I’ve always struggled with my own heaviness during seated meditation. I relax quickly – disconnecting from the body is easy – but I sink, untethered in this way. It’s like being dropped in dark water, and feeling icy, unpredictable currents flowing around my thighs, over the sensitive skin of my upper, inner arms. I can abandon my body, but not the metaphors of pain.
Not having much affinity for Freudian therapy, I don’t believe understanding where it comes from will ever help the feeling go away.
Running is different. I can focus on my breath, and on my body as the point of entry with this world and the source of all my experience. I disconnect by observing connection. Circles of awareness that must include the root-tangled earth, and often include birdsong.
After watching the film To Spring from the Hand, a documentary about the former dancer and potter Paulus Berensohn, I decided to try seated meditation while working with clay.
Pay attention to the breath, he says.
And I do. The breath, and the slowness that comes. The balance of wills: my will and that of the clay. Give and take. Inhale and exhale. My mind through my body, connected to the earth.
Dale Favier has taught poetry, chopped vegetables, and written software for a living. Currently he works part-time as a massage therapist. He is a Buddhist, in the Tibetan tradition.
Favier has an M.Phil. in English Literature from Yale, but he never wrote much poetry until he began blogging.His poems have appeared in Qarrtsiluni and The Ouroborus Review. His first book, Opening the World is available through Pindrop Press.
When and why did you start writing poetry?
I wrote a few poems when I was young, I’m sure, but it didn’t become a serious way of expressing myself until I was in my forties. I had read an enormous amount of poetry by that time, but I didn’t really think of poetry as something that modern people could do. I had a degree in medieval English literature, so I knew all the oldest poetry from Beowulf on — I loved the Romantics and liked the Victorians — but then my interest petered out. I actually learned to appreciate modern poetry by writing it. That happened by accident: I started blogging in 2003, and some of the bloggers I knew — Dave Bonta especially — had the startling habit of writing verse from time to time, as if it was a perfectly normal thing to do. So I just started playing with it from time to time, and it grew on me. And now that I have a sense of the modern community of poetry, I can read it with some understanding.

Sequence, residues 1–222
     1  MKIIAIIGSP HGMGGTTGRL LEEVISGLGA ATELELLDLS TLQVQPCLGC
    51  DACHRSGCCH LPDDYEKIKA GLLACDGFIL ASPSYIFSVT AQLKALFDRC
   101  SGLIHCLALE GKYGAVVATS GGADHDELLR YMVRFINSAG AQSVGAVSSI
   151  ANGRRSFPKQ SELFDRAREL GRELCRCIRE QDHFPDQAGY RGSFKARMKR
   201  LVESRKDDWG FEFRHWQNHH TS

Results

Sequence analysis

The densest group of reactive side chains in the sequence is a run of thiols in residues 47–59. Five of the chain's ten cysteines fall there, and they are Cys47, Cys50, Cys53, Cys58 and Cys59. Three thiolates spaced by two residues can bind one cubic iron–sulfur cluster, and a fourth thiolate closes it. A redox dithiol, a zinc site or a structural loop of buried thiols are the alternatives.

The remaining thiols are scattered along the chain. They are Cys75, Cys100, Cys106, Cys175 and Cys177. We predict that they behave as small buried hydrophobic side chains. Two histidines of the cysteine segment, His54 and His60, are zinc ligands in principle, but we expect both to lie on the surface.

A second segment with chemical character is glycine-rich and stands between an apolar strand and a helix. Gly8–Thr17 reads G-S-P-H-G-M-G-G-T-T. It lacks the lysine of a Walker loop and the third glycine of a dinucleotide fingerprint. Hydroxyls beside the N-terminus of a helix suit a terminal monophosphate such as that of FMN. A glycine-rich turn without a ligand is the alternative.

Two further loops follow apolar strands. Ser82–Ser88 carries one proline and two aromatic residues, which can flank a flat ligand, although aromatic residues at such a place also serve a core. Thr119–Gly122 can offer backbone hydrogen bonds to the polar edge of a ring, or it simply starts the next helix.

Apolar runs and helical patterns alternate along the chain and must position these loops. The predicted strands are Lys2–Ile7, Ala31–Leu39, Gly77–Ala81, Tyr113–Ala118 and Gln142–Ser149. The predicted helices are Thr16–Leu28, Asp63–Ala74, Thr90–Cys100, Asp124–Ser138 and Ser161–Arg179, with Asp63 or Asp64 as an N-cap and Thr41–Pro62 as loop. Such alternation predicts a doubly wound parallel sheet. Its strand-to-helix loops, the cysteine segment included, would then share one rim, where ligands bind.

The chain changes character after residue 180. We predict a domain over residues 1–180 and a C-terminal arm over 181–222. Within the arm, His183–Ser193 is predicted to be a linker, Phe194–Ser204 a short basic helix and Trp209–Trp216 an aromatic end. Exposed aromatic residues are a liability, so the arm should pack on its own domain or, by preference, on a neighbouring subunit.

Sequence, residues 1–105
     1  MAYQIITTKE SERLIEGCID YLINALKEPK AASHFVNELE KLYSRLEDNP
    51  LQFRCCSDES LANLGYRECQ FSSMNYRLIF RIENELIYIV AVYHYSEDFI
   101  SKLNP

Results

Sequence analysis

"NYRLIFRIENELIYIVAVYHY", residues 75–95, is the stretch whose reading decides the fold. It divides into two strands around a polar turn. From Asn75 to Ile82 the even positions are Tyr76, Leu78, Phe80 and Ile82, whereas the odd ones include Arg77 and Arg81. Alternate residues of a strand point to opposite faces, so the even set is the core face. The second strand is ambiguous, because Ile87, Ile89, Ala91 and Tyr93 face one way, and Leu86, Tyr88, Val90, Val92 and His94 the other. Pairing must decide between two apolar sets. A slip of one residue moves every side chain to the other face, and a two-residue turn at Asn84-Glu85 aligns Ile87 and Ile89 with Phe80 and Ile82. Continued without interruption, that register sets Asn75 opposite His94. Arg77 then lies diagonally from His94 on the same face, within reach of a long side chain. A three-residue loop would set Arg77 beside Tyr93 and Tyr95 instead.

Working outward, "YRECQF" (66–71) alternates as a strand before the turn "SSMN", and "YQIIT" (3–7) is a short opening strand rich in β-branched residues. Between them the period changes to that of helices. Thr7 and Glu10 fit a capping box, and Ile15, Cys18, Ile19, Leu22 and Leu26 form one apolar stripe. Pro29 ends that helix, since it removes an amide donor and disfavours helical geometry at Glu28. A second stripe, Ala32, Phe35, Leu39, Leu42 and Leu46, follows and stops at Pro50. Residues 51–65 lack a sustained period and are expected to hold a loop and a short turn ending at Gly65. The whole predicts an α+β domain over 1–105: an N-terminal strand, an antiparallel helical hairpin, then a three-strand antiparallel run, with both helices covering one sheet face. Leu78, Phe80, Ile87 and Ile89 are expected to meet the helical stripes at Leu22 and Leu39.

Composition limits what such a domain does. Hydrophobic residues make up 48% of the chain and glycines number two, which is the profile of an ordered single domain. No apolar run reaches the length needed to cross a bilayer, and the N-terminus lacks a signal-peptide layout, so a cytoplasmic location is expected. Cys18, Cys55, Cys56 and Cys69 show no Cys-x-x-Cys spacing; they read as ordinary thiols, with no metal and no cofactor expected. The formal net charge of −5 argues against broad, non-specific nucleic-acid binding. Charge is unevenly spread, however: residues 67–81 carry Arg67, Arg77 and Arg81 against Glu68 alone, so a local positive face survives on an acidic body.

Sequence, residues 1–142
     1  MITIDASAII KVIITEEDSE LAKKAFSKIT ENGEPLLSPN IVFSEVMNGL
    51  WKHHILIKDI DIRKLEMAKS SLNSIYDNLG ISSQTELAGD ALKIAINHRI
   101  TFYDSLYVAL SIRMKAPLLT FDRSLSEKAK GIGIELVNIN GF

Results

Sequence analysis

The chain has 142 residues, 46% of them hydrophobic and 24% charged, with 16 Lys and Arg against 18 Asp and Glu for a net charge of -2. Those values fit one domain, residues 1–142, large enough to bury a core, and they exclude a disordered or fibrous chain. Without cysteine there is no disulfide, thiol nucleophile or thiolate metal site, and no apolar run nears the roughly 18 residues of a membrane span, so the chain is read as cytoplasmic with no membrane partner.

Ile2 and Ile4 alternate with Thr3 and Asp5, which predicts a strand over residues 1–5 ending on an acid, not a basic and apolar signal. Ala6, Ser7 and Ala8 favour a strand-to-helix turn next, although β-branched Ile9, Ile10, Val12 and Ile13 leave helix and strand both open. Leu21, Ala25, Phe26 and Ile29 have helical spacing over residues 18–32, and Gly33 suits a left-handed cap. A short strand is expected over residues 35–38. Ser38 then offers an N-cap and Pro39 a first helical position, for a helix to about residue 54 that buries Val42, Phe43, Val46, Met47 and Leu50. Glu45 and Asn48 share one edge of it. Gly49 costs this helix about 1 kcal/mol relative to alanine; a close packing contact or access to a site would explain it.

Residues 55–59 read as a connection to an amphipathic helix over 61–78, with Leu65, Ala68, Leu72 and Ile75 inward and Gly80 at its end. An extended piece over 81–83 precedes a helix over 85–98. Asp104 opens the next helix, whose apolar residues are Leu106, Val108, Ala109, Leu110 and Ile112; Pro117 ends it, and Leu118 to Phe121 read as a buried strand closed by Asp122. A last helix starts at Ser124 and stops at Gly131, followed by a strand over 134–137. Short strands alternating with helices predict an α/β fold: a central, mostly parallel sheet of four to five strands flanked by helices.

There is the great myth of the tortured artist. How do you deal with the “romance” our culture has with the poet-in-pain, in terms of your identity as a poet and as a mother, father, partner, friend, role-model?
I don’t identify as a poet, really, so all that stuff just goes on by. I’ve never wanted to make my living at it, and I have no ambition to make a reputation or gain immortality. I just like to read and write poems. For me it’s correspondence: love-letters, mostly. I don’t need more than a few readers. I don’t think of myself as being a special person, or wanting special recognition from the world, because I write poems. And contrawise, I don’t expect to suffer more than anyone else. We all suffer plenty.
Are you consciously trying to shape the story of your life?
No. My life is not a story. It’s just a life.
As poets we are continually exploring our sensual experience of the world. How does your relationship with your body, with your body in the world (interacting socially, with nature, through pain/change) affect your writing.
And vice versa?: In other words, does the practice of your writing, your poet’s attention to the word, affect how you physically feel, and interact with other people, with nature, through pain/changes in your body?
I’m a massage therapist by trade, so my hands are on bodies a lot: so I have a very embodied imagination. The facts of breathing and heartbeat make it into a lot of my poems; the sensations of the skin; facts of anatomy. A lot of my poetry is making verbal what my hands register when they’re touching someone — the moments when discomfort and tension resolve, and move into something else, the half-illusion of perfect sympathy, the outpourings of tenderness. I have a deep love of human bodies, all of them, including the ones that are breaking down and dying. So when I write I tend to write about bodies and touch, I think.